Monday, June 22, 2009

Ross understands...

... secularism:

Secularism should mean refusing to grant any special place in public life to religion or religious institutions, not actively preventing religious expression.

UPDATE: I've clarified what I think about secularism and the burka here.


alison said...

Ross is wrong. Sarkozy is right. Generally right on this issue but right about French secularism when it comes down to it. Which he balances with liberty equality and fraternity as well he should. Ross doesn't get French secularism in its republican context or equality context, at all by that sentence you highlighted.

Peter Risdon said...

I'll post about this, I think, but Ross understands secularism and it's important that more people do. As for Sarkozy, he specifically pointed out that "The problem of the burka is not a religious problem, it's a problem of liberty and women's dignity. It's not a religious symbol, but a sign of subservience and debasement." That's absolutely right. The burka should be banned. It is a social and political symbol, not a religious one.

alison said...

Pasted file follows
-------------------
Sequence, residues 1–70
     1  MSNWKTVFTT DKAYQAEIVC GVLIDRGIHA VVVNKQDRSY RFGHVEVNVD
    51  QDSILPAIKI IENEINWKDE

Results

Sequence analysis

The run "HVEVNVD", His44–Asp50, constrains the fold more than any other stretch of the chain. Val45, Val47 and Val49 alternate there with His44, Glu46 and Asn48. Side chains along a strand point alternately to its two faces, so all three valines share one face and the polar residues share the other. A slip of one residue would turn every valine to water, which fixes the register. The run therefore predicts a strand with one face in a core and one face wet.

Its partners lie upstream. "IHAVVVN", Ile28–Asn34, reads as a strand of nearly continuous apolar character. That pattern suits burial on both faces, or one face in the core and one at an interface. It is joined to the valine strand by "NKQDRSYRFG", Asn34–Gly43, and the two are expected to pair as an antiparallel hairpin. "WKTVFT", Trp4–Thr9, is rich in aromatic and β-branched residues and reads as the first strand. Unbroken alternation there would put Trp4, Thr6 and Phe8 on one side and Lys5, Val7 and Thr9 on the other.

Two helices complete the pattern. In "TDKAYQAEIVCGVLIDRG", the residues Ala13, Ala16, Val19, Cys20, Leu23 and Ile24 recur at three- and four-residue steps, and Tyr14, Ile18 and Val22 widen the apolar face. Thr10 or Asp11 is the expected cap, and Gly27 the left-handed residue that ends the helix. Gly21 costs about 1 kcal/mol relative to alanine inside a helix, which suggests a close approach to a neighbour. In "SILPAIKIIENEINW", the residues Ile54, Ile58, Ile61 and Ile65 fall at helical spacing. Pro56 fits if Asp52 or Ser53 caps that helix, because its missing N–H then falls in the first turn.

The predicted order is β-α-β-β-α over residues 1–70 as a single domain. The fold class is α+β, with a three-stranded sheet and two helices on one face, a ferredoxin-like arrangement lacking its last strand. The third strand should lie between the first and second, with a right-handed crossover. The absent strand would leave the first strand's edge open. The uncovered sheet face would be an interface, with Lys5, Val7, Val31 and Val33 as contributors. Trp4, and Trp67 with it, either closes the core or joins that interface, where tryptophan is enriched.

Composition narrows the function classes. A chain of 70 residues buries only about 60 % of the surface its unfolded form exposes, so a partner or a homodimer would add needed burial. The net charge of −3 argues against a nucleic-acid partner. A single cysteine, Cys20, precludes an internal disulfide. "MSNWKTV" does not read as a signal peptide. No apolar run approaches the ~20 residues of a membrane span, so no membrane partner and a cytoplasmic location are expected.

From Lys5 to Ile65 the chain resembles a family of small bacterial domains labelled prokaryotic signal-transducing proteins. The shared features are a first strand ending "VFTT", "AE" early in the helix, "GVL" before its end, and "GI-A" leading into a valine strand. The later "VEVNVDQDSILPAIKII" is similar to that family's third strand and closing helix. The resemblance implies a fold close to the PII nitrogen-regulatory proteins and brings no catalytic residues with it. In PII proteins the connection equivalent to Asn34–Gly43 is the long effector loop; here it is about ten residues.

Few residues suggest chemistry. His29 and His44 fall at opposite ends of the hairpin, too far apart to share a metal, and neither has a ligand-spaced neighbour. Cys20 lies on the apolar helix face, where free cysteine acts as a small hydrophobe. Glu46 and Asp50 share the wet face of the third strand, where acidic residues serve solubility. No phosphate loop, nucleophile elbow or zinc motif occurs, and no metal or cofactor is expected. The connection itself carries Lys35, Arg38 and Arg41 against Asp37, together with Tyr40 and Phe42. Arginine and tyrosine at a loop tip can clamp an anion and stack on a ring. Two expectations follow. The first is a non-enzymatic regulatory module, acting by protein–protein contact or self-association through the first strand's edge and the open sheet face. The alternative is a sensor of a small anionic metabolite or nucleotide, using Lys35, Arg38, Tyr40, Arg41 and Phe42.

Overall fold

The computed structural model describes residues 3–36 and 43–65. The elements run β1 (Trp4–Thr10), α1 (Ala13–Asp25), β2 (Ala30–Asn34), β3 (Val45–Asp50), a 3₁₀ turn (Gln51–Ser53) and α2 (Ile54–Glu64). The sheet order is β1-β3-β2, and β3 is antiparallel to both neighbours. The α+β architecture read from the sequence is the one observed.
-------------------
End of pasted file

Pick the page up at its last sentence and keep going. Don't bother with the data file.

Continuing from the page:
Yes but the government backing him up all draw on this through French principles of secularism Peter.

I'm not opposed to secular principles completely. I see more wonderful and meaningful christian celebrations in France at Christmas and other numerous holidays than I ever would in the commercial West. In spite of French secularism and its appeal to the public on a number of levels, on the spiritual level 80% of French people in a huge poll conducted last year still relate to christianity and catholicism. 3% to Islam. Churches are full to overflowing at Christmas with young and old and the spirit of family born out of our scorned christianity is certainly deeper there than here where atheist and liberal styled indifference, objectification of women and crass commercialism rule the roost and could in part be blamed for more women adopting the veil.

Peter Risdon said...

I remember the ban on headscarves was justified in terms of secularism, but that concerned dress in public institutions and was, therefore, justified.

I haven't seen anyone argue this in terms of secularism - do you have a reference? As we know, Sarkozy specifically removed his argument from any terms of reference that might include secularism.

Secularism has nothing to do with the level of religious observance - the USA has a secular constitution and very high levels of observance. Secularism is the principle that religions do not have a place, as such, in public institutions.